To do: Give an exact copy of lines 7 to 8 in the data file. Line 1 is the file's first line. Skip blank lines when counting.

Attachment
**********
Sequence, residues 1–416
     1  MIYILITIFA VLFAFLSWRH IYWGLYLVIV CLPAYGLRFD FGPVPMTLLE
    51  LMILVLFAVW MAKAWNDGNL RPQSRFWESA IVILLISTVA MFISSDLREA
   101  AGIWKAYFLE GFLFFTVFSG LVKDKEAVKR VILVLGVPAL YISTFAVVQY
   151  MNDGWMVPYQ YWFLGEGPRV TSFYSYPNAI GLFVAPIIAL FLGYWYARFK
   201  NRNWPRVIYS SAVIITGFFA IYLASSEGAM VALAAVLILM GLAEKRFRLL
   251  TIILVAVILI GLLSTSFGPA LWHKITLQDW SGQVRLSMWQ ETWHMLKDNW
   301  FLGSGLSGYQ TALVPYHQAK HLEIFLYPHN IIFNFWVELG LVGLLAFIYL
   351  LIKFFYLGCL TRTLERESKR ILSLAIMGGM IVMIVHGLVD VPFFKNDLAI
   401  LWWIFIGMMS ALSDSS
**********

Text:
   251  TIILVAVILI GLLSTSFGPA LWHKITLQDW SGQVRLSMWQ ETWHMLKDNW
   301  FLGSGLSGYQ TALVPYHQAK HLEIFLYPHN IIFNFWVELG LVGLLAFIYL